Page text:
country in the hopes of promotion, and the favour of his betters : how 
like he is to many a whttc-faced loon, but that ' the devil has not 
damned them black ! ' Politics apart — Oroonoko is a very interesting 
moral play. It is a little tedious sometimes, and a little common- 
place at all times, but it has feeling and nature to supply what 
it wants in other respects. The negroes in it (we could wish thera 
out of it, but then there would be no play) are very vgiy ctutomert 
upon the stage. One blackamoor in a picture is an ornament, but a 
whole cargo of them is more than enough. This play puts us out of 
conceit with both colours, theirs and our own ; the sooty slave's, 
and his cold, sleek, smooth-faced master's. — Miss Somerville was a< 
great relief to the natural and moral deformity of the scene. SheJ 



*THE PANNEL' AND *THE RAVENS' 

looked like the idea of the poet's mind. Her resigned, pcneire, 
UDCODBcious look and uttitudc, at the moment she is about to be 
restored to the rajiturous embrace of her lover, wa< a beautifiil 
dramatic picture. She is an acquisition to the milder parts of 
tragedy. She interests on ihe stage, for she is interesting in herself. 
She cannot help being a heroine, if she but shews herself. She was as 
elegantly dressed in /moinJa, for an Indian maid, in light, flowered 
drapery, as she was in Imagine, for a lady of old romance, in 
trains of lead-coloured satin. Her voice is sweet, but lost in 
it! own sweetness ; and we who hear her at some distance, can 
only catch 'the music of her honey-vows,* like the indistinct 
murmur of a hiTc of bccs- Mr. Bcngough does not Improve upon 
us by acquaintance. All that we have of late discovered in 
him is thai he has grey eyes. Little Smitli made an excellent 
representative of the coasting Guinea captain. John Bull could not 
desire to have better justice done to his mind or his body. —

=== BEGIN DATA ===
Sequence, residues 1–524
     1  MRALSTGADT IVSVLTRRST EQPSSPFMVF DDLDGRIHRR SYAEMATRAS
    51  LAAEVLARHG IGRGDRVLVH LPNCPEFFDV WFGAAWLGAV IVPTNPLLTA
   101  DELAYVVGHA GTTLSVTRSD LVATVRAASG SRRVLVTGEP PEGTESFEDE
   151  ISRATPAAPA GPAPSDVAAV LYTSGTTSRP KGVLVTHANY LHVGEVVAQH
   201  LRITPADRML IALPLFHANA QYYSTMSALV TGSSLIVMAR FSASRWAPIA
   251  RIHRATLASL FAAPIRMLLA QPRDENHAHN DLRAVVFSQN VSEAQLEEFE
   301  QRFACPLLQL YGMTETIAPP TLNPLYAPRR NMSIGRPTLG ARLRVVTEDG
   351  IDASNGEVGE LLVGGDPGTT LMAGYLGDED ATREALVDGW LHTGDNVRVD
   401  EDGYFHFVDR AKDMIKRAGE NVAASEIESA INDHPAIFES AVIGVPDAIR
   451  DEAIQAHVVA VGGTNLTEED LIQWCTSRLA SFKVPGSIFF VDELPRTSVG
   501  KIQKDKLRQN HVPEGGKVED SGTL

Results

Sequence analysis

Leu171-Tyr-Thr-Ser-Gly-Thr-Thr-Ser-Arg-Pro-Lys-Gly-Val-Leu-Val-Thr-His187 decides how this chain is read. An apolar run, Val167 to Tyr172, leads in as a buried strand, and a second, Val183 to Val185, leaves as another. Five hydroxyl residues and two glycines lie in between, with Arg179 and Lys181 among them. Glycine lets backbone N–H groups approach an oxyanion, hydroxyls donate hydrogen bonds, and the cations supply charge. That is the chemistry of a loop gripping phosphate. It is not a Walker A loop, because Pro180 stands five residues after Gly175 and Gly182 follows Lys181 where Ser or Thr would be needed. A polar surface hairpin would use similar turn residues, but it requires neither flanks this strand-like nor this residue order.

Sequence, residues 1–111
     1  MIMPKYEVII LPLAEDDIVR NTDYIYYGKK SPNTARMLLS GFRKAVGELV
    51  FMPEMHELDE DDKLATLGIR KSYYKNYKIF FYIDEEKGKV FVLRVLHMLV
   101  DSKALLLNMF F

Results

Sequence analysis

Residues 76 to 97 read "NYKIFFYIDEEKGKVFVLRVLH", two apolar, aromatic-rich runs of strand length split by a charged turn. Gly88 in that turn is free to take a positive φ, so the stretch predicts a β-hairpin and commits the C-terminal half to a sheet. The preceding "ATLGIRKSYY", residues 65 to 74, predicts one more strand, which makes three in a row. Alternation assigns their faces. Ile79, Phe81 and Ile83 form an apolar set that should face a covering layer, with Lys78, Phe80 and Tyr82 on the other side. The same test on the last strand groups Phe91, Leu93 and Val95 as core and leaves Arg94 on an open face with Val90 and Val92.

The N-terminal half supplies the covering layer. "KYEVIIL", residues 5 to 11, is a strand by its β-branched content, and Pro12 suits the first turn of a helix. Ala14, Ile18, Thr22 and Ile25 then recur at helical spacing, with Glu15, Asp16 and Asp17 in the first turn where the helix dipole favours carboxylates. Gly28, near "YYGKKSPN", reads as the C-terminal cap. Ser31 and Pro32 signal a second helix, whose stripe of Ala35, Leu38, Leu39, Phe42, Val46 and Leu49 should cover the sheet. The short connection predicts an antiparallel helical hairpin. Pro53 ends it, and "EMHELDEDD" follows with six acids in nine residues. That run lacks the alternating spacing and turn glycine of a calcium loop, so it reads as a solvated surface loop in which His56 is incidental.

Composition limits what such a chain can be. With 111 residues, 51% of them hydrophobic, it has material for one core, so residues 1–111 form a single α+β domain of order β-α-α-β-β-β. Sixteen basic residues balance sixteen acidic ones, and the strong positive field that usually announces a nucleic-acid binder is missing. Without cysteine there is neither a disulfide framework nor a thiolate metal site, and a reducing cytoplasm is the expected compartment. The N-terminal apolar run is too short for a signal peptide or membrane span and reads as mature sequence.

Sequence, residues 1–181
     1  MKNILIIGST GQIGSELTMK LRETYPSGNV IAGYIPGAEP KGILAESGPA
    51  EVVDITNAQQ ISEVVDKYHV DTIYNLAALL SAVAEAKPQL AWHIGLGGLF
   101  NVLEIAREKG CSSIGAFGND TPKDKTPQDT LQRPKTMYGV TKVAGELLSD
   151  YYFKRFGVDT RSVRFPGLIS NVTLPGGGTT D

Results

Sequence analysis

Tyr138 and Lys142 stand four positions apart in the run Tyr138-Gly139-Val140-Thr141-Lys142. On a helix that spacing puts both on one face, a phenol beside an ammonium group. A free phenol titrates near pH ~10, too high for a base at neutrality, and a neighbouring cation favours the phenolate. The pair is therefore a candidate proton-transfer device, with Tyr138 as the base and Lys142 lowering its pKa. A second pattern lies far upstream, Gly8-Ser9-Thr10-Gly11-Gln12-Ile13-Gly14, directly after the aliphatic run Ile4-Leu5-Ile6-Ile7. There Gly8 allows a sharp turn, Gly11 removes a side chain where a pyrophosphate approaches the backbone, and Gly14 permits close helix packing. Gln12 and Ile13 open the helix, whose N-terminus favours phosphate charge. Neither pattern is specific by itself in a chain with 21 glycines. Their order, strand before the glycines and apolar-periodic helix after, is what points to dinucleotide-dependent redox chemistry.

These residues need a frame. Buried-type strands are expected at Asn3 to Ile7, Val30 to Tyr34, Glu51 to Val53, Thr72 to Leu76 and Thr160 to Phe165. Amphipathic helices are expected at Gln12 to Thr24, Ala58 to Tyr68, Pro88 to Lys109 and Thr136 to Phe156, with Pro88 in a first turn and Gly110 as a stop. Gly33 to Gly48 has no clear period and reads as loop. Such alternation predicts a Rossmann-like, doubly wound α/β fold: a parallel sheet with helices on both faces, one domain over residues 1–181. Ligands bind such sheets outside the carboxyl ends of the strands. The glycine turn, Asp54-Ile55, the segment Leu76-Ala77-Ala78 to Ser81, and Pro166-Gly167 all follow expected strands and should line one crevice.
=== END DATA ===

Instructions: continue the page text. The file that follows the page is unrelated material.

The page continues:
Southern, the author of Oroonoko^ was also the author of haheila, 
or the Fatal Marriage, in both of which ' he often has beguiled us 
of our tears.* He died at the age of eighty-six, in 1746. Gray, 
the poet, speaks thus of hira in a letter, dated from fiumhara, in 
Buckinghamshire, 1737. *Wc hare here old Mr. Southern, at 
a gentleman's bouse a little way off: he is now seventy-seven 
years old, and has almost wholly lost his memory : but is as agree- 
able as an old man can be : at least I persuade myself so, when I 
look at him, and think of Isabella and Oroonoio, 



'THE PANNEL' AND 'THE RAVENS' 

W* Ejiaminer.] IFthnmry 2, 1817, 

There has been little new this week. A new after-piece or melo- 
drame has been brought forward at Covcnt<garden, and the old farce 
of the Pannel revived at Drury-Lanc, Wc can say but little in praise 
of the former, except the excellence of the acting and the manner 
in which it is got up. The strength of the house is mustered in a 
second-rate production, and from the list of names in the play-bills, 
the public go to see the performers, if not the performance, and come 
away at least half satisfied. They manage these things differently at 
Drury-lane, and not bo well. Wc deny ihat the comic strength of 
the two houses is so unequal as is sometimes supposed. For instance, 
at Dmry-lane, they have Munden, Dowton, Oxberry, and Knight; 
Harley is droll too ; and in women, they beat them out and out, for 
they have Miss Kelly. To be sure, they have not Listen ; so they 

S03 



'THE PANNEL' AND 'THE RAVENS' 



muii kick the beam. Mr. Liiton is die greatest comic genius of the 
age. If we were very dull and sad indeed, we ihoold avoid going to 
any farce or comedy in which he did not appear, a« only tantalising 
to our feelings, ana promising relief without affording it : but wc 
must be dull indeed, if we did not bite at the bait of Mr. Listoo's 
/.u^in Log. Hia comic humour is a sort of oil or * balsam of fierabras' 
for ail imaginary wounds that are not a foot deep. His laugh might 
tickle royalty itself after the howling of the rabble, or make one of 
the wax figures at Mrs. Salmon's relax from the inllcxibility of its 
state. Then there is Miss tStephens at Covent-gardcn, and there